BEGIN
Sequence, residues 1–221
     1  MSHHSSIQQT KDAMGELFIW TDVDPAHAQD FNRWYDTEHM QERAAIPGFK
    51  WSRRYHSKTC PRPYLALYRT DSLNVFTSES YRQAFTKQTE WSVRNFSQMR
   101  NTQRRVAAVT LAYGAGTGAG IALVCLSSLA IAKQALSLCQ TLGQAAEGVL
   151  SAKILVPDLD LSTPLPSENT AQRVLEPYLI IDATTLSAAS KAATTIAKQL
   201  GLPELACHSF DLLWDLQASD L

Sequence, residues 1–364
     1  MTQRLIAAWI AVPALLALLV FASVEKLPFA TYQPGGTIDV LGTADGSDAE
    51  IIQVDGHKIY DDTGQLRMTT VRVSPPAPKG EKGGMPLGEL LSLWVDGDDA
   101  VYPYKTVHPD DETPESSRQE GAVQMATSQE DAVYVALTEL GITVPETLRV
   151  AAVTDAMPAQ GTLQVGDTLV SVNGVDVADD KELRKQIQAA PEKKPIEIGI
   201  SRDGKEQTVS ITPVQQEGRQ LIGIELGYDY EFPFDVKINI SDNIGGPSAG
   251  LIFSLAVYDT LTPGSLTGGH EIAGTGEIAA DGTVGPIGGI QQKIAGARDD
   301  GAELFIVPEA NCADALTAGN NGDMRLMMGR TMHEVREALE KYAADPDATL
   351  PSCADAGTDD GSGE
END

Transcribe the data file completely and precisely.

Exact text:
Sequence, residues 1–221
     1  MSHHSSIQQT KDAMGELFIW TDVDPAHAQD FNRWYDTEHM QERAAIPGFK
    51  WSRRYHSKTC PRPYLALYRT DSLNVFTSES YRQAFTKQTE WSVRNFSQMR
   101  NTQRRVAAVT LAYGAGTGAG IALVCLSSLA IAKQALSLCQ TLGQAAEGVL
   151  SAKILVPDLD LSTPLPSENT AQRVLEPYLI IDATTLSAAS KAATTIAKQL
   201  GLPELACHSF DLLWDLQASD L

Sequence, residues 1–364
     1  MTQRLIAAWI AVPALLALLV FASVEKLPFA TYQPGGTIDV LGTADGSDAE
    51  IIQVDGHKIY DDTGQLRMTT VRVSPPAPKG EKGGMPLGEL LSLWVDGDDA
   101  VYPYKTVHPD DETPESSRQE GAVQMATSQE DAVYVALTEL GITVPETLRV
   151  AAVTDAMPAQ GTLQVGDTLV SVNGVDVADD KELRKQIQAA PEKKPIEIGI
   201  SRDGKEQTVS ITPVQQEGRQ LIGIELGYDY EFPFDVKINI SDNIGGPSAG
   251  LIFSLAVYDT LTPGSLTGGH EIAGTGEIAA DGTVGPIGGI QQKIAGARDD
   301  GAELFIVPEA NCADALTAGN NGDMRLMMGR TMHEVREALE KYAADPDATL
   351  PSCADAGTDD GSGE